General Sherman Tree
July 04, 2011
The photo at top shows the enormous General Sherman Tree in California's Sequoia National Park. Although it's not the oldest sequoia it’s thought to be the most massive in the world. Named for General William Tecumseh Sherman, who commanded troops under General Ulysses Grant during the U.S. Civil War, this stout specimen stands 275 ft (84 m) tall. The volume of its trunk is approximately 52,500 cu ft (1,487 m3) – as measured in 2002. These redwoods are the tallest living things on Earth.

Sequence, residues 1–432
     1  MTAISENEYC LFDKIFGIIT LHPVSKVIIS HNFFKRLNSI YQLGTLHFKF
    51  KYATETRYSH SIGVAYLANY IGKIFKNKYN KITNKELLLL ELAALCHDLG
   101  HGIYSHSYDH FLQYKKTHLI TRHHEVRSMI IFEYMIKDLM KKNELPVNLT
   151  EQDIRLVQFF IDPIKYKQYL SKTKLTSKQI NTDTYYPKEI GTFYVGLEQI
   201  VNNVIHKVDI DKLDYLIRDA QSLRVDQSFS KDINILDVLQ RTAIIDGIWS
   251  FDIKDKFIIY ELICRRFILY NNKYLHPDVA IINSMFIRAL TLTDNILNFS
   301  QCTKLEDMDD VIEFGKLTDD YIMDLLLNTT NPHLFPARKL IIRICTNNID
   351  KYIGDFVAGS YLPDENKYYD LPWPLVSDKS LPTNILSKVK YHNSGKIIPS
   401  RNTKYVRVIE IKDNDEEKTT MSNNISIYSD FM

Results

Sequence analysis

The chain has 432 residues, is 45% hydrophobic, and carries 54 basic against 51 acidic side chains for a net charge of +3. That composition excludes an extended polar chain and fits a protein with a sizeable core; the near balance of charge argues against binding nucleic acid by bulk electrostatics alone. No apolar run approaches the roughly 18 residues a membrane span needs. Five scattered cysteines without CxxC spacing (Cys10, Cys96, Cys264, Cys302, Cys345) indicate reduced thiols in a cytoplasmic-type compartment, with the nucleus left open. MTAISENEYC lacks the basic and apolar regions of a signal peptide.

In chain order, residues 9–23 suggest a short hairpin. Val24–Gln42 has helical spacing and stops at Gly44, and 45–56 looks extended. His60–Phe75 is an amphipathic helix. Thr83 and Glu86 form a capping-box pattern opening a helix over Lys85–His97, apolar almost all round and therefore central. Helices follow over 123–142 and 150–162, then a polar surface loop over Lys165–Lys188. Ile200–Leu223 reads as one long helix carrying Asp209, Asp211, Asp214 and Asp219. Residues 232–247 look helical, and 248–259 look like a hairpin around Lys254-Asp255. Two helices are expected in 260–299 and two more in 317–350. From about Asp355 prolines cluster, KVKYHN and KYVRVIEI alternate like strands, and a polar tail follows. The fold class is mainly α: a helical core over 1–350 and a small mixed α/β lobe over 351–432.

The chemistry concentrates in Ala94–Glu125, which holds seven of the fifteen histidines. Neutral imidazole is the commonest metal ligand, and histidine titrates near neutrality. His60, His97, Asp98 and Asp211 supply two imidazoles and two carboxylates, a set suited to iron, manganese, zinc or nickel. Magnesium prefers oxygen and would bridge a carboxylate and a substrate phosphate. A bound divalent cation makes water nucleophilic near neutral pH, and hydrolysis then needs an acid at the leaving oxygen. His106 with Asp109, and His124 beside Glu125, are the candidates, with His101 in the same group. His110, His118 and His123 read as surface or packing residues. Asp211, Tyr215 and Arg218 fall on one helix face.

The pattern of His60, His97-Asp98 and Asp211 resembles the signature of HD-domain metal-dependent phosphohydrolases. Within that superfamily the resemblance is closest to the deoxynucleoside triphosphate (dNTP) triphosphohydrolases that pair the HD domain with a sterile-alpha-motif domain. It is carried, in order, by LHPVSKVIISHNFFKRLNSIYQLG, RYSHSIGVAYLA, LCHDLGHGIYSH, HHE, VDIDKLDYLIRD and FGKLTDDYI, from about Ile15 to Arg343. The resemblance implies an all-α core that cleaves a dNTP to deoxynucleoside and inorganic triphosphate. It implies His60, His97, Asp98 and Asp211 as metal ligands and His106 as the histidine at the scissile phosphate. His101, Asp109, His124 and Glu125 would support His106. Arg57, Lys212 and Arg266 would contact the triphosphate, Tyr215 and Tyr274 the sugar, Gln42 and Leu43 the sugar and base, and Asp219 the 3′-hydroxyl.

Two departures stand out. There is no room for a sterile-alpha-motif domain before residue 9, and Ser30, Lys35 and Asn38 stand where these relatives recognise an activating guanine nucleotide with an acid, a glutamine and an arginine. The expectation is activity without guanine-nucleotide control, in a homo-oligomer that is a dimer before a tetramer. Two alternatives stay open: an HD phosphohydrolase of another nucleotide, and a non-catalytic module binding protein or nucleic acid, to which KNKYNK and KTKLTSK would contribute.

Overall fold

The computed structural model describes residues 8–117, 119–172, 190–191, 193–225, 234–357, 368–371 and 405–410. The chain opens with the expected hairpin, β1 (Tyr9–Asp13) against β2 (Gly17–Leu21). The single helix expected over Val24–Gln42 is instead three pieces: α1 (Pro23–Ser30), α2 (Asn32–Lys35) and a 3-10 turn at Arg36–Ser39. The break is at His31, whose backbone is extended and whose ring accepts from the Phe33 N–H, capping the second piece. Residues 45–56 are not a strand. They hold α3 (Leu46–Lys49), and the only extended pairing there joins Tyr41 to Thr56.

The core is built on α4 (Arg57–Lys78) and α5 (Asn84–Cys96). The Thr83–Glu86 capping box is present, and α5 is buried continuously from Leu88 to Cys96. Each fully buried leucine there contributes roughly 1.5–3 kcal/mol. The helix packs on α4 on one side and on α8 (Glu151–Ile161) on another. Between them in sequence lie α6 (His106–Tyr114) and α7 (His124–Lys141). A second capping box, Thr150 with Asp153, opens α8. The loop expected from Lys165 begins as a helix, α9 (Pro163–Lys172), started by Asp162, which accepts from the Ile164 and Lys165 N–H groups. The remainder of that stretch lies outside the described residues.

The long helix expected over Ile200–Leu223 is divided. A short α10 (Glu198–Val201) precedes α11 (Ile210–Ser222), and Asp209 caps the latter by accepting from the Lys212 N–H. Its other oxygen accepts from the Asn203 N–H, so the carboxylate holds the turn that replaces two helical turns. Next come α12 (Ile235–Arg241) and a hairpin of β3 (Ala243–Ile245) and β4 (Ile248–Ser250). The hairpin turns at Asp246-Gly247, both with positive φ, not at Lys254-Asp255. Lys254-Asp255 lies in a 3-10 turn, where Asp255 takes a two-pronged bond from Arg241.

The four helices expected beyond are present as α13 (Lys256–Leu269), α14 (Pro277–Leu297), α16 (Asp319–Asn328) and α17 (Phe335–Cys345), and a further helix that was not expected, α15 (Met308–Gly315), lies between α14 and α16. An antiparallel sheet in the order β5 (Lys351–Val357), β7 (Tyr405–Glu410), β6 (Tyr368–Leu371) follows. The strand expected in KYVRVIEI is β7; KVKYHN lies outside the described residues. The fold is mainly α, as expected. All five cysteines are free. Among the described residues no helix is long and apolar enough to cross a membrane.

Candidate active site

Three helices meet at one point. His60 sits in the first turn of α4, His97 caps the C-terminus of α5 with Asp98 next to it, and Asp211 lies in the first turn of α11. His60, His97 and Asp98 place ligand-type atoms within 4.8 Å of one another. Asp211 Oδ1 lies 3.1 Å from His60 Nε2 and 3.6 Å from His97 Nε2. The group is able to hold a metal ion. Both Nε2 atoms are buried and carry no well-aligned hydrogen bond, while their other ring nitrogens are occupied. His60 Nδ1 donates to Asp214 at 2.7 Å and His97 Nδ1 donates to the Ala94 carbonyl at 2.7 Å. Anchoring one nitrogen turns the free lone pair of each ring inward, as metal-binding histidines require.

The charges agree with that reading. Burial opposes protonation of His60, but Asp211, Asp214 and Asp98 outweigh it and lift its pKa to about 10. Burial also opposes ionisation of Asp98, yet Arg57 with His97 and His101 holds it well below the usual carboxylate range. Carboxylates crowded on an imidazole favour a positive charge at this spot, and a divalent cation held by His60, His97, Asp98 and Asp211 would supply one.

The Giant Sequoia (Sequoiadendron giganteum) is native to the western slope of the southern Sierra Nevada range. One reason they attain such heights is that their multi-layered canopy is extremely efficient at trapping moisture from fog, which occurs frequently here, even during the dry periods. At bottom is an angled view of the Parker Group of redwoods, also in Sequoia National Park.
Photo details: Top - Camera Maker: NIKON CORPORATION; Camera Model: NIKON D60; Focal Length: 18.0mm; Aperture: f/8.0; Exposure Time: 0.013 s (1/80); ISO equiv: 200; Exposure Bias: none; Metering Mode: Matrix; Flash Fired: No (enforced); Orientation: Normal; Color Space: sRGB. Bottom - same except: Aperture: f/4.5; Exposure Time: 0.017 s (1/60).